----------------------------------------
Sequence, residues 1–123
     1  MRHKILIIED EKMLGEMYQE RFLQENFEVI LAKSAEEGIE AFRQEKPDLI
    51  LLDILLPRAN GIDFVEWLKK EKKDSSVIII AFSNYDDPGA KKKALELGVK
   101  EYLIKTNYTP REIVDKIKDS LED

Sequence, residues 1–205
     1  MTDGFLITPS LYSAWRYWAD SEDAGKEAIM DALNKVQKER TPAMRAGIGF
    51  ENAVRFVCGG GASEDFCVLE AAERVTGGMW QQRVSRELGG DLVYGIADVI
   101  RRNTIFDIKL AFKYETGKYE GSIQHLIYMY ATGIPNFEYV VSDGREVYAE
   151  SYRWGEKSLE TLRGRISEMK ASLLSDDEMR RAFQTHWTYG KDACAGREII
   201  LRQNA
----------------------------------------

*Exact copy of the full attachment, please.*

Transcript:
Sequence, residues 1–123
     1  MRHKILIIED EKMLGEMYQE RFLQENFEVI LAKSAEEGIE AFRQEKPDLI
    51  LLDILLPRAN GIDFVEWLKK EKKDSSVIII AFSNYDDPGA KKKALELGVK
   101  EYLIKTNYTP REIVDKIKDS LED

Sequence, residues 1–205
     1  MTDGFLITPS LYSAWRYWAD SEDAGKEAIM DALNKVQKER TPAMRAGIGF
    51  ENAVRFVCGG GASEDFCVLE AAERVTGGMW QQRVSRELGG DLVYGIADVI
   101  RRNTIFDIKL AFKYETGKYE GSIQHLIYMY ATGIPNFEYV VSDGREVYAE
   151  SYRWGEKSLE TLRGRISEMK ASLLSDDEMR RAFQTHWTYG KDACAGREII
   201  LRQNA